Pre-k through 12, world language education programs aim to expand horizons

The College of Education adds two new majors. PHOTO CREDIT: habitatbroward.org

Educators must continue to learn so that they can teach others, according to Danielle Dennis, interim dean of the College of Education. 

The College of Education is introducing two new majors to the school, focusing on Pre-K through 12 and world language education. 

Having already offered programs similar to these, the College of Education has refined them to include a broader range of ages for people to be qualified to teach, Dennis said. 

The College already has an established early childhood education program in Kingston; however, URI has now joined forces with the Community College of Rhode Island (CCRI) to offer an online program for people who are already in the workforce. 

The program focuses on offering a broad range of education for someone like a teaching assistant who needs to work a job while still earning the credentials of a classroom teacher, according to Dennis. 

The world language education program has also been refined for those to be able to teach language to students at different levels. 

To accomplish the world language program, the College of Education works closely with the world languages department. A student would be enrolled as a double major in education and the language of their choice for this program. 

“We completely revised the program to make sure that anyone that goes through it feels comfortable teaching in that really broad range of grade levels,” Dennis said. 

World languages have the possibility to recruit more students, according to her.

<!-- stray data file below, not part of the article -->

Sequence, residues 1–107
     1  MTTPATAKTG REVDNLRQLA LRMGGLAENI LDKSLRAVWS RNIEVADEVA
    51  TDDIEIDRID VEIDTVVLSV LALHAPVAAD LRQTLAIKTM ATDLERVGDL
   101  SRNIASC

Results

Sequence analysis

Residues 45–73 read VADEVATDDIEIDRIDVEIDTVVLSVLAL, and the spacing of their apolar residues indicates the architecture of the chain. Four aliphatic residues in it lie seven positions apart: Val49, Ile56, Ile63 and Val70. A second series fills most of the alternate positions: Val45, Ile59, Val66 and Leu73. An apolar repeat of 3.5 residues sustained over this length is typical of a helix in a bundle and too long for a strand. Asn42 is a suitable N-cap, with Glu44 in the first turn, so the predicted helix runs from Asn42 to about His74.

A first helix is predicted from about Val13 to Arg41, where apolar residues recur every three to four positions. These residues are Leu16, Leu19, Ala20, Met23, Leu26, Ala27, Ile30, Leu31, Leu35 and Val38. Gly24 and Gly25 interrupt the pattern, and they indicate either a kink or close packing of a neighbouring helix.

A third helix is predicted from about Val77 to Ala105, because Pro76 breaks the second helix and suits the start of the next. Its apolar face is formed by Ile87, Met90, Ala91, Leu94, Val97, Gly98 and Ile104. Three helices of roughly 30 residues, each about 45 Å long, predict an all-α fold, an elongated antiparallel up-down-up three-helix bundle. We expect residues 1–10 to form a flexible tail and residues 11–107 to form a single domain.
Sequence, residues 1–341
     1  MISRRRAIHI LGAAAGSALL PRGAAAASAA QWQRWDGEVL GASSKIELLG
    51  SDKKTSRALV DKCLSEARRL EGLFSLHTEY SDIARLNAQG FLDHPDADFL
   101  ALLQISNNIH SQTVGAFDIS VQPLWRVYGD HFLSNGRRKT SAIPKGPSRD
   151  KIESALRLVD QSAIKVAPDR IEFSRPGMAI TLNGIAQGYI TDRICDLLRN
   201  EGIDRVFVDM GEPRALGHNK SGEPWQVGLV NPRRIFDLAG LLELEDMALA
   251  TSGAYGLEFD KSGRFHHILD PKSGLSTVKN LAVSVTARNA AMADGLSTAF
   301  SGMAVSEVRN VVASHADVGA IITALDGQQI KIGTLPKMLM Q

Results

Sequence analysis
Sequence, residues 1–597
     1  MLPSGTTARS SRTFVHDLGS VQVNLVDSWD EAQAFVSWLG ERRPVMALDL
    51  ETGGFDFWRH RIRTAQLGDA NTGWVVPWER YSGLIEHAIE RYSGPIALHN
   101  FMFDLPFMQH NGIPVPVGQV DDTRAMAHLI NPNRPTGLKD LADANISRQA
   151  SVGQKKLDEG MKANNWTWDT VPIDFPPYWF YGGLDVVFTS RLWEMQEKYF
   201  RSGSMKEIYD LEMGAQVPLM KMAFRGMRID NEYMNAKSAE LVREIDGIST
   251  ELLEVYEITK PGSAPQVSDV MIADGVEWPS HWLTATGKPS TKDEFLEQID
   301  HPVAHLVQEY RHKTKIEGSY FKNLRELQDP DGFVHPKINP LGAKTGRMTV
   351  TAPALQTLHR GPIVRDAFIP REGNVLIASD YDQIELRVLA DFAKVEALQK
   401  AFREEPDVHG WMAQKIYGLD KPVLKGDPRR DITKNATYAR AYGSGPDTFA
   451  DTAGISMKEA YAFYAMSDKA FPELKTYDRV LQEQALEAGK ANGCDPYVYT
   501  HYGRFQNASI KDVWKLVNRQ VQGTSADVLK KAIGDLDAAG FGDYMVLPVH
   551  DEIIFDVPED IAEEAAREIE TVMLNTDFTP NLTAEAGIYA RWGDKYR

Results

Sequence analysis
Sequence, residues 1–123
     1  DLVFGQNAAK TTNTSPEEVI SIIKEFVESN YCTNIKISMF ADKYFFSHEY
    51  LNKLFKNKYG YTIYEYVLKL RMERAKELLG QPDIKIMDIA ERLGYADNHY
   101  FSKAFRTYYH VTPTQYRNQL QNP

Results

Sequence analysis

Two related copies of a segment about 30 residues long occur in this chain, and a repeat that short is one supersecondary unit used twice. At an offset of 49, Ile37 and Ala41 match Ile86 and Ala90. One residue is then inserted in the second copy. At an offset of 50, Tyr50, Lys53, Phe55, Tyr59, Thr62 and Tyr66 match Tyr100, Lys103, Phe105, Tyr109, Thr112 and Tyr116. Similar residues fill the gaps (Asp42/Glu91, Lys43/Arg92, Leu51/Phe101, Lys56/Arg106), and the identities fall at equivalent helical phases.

“There is such a major shortage of qualified world language teachers, not just here in Rhode Island, but across the country,” Dennis said. 

She believes that the more we are able to teach the younger generation about world languages, the better global citizens we can become. 

Not only can world language education help students learn English as a second language or help our students learn foreign languages, but it’s a chance for students to engage in the world at an early age, according to Dennis. 

“It’s great that Pre-K and world languages tracks are being added,” third-year education major Maddy Godeck said. “Preschool is the place kids learn how to learn. World languages are a huge part of building a well-rounded student. It allows them to learn about and understand cultures other than their own in a different context than a traditional social studies class.”

Godeck said that the addition of world languages is going to allow for a more diverse education curriculum that helps teachers be more well-rounded, which she believes is exactly what education systems need. 

“We try hard to make sure there is diversity of field experiences,” Dennis said. “When you go from children who don’t know their ABCs to children that are reading chapter books, there’s a big difference in terms of what they know and are able to do at different points in their life.”

The College of Education looks for schools in a variety of areas and schools with different ethos so students get a range of ideas about how to teach children, according to Dennis. 

“I think that the addition of pre-k and world language tracks are going to draw more people to the school of education,” Godeck said. “It will create an opportunity for people who are already studying education to explore an avenue they wouldn’t otherwise explore.”

Dennis said that it is so important that children in our schools have access to the highest quality educators, and that is what she likes to see come out of URI.